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Magnetic Tape Error Recovery Subsystem

IP.com Disclosure Number: IPCOM000082763D
Original Publication Date: 1975-Feb-01
Included in the Prior Art Database: 2005-Feb-28
Document File: 3 page(s) / 54K

Publishing Venue

IBM

Related People

Iskiyan, JL: AUTHOR

Abstract

Disk data (count, key, and data format) is contiguously recorded on a series of slant tracks on a magnetic medium by a helical scan recorder. Signal transfers occur between the tape recorder and disk recorder and between the disk recorder and a CPU. Since all of the data on the tape recorder is in disk format, no translation is required in the tape-to-disk transfers.

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Magnetic Tape Error Recovery Subsystem

Disk data (count, key, and data format) is contiguously recorded on a series of slant tracks on a magnetic medium by a helical scan recorder. Signal transfers occur between the tape recorder and disk recorder and between the disk recorder and a CPU. Since all of the data on the tape recorder is in disk format, no translation is required in the tape-to-disk transfers.

In recording and readback from the flexible magnetic medium, such as magnetic tape, errors occur causing so-called "permanent" read errors. When such errors do occur, the data signals recorded between the error locations, such as E1 and E2, and the end of a tape track may not be completely recoverable.

In a helical scan recorder, the direction of scan of the respective tracks is in the direction of the arrow; there is no backward read to achieve data recovery between the trailing end of the track (bottom of the tape) and the error position. While phase and clocking resynchronization may be achieved between the error location and the trailing end of the track, the logical partitioning of the recorded data is usually not identifiable.

Enhanced error recovery in such a recorder is achieved, by providing a table track in association with each recorded cylinder of disk data recorded on the tape. The information content of the table track identifies, in a logical fashion, the cylinder and disk track number with the physical location of such disk data on the magnetic tape. The tape location of the beginning of each disk track is identified by the tape track number, plus an offset in bytes. For example, for cylinder 01, track 00 begins at track 00 with a 0000 offset as indicated by X0 on the magnetic medium diagram.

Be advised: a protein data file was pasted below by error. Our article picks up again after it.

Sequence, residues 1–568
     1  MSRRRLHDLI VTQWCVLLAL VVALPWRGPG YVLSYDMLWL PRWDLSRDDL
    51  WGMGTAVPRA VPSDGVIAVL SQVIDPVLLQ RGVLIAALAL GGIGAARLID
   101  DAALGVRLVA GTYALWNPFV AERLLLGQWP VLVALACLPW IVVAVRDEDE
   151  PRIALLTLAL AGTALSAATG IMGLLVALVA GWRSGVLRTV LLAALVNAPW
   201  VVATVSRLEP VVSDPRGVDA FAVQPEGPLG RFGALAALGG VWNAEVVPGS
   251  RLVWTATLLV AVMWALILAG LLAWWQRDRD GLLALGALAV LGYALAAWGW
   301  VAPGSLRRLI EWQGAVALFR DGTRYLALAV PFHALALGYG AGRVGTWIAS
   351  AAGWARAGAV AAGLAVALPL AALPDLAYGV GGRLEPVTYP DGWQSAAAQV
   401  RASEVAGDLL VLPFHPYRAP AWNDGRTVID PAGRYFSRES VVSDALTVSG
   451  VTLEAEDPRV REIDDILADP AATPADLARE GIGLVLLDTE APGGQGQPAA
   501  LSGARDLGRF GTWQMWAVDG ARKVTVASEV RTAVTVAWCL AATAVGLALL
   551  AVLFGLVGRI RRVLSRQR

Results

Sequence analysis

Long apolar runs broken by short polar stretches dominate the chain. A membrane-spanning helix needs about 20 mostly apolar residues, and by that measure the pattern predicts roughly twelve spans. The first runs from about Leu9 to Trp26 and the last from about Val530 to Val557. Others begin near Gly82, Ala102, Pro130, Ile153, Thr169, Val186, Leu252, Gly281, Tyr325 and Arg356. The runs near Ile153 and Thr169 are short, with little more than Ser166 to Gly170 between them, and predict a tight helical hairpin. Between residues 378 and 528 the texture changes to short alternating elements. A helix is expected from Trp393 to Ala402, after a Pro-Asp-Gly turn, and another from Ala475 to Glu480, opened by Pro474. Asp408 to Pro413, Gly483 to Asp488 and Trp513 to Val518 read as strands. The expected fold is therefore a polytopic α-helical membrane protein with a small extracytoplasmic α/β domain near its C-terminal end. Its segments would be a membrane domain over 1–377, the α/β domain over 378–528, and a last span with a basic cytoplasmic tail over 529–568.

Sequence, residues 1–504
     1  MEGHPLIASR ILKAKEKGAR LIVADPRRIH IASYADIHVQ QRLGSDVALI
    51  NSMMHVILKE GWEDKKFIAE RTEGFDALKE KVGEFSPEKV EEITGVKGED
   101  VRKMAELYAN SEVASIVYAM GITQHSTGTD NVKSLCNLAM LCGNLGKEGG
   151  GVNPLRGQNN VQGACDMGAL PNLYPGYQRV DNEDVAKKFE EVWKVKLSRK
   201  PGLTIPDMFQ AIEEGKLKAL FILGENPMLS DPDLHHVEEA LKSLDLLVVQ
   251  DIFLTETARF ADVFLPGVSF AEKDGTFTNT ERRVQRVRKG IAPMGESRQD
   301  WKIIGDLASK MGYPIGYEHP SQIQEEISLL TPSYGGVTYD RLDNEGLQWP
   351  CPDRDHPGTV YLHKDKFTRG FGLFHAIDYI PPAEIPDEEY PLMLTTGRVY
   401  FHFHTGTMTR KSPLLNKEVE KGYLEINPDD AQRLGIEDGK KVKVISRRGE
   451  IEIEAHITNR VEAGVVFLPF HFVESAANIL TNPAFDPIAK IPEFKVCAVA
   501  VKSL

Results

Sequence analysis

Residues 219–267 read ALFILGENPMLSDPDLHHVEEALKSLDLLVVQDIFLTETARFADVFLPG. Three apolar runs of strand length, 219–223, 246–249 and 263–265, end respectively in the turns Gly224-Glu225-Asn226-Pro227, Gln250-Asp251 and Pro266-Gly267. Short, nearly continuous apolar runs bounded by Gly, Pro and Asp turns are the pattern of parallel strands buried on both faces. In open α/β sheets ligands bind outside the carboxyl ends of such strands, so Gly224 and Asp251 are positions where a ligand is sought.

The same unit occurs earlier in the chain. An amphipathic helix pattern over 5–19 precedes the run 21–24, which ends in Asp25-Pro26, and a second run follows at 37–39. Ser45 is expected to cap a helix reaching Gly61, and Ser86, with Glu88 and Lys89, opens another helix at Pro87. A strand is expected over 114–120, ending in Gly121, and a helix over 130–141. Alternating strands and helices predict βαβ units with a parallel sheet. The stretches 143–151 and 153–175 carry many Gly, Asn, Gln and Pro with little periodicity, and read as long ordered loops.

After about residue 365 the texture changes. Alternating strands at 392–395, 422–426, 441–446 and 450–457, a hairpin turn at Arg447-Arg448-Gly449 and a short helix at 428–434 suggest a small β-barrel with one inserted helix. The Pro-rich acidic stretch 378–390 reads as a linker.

Track 01 of the same cylinder happens to begin at track 01 of the magnetic medium also with a 0000 offset and identified by the symbol X1. Track 02 of the same cylinder begins in track 03 of the magnetic tape at offset 1241 bytes. Disk track 01 extends from magnetic medium track 01 over tracks 02 and 03. The remainder of the disk data mapping in the cylinder area of the magnetic medium follows the above description for all tracks within a given cylinder. Additionally, the table track has a list of bad tape tracks. In the example, tracks 10 and 21 of the tracks assigned to cylinder 01 are bad, i.e., cannot receive recorded signals.

To recover from error E1, reference to the table track is necessary because it is not known where disk track 01 begins. It so happens that the disk track begins coincidently at the beginning or leading edge of tape track 01. Accordingly, error El does not impact the reading of disk track 01. Similarly, error E2 in track 03 impacts disk track X2 and disk track X3, since both of those disk tracks have their beginning in tape track 0...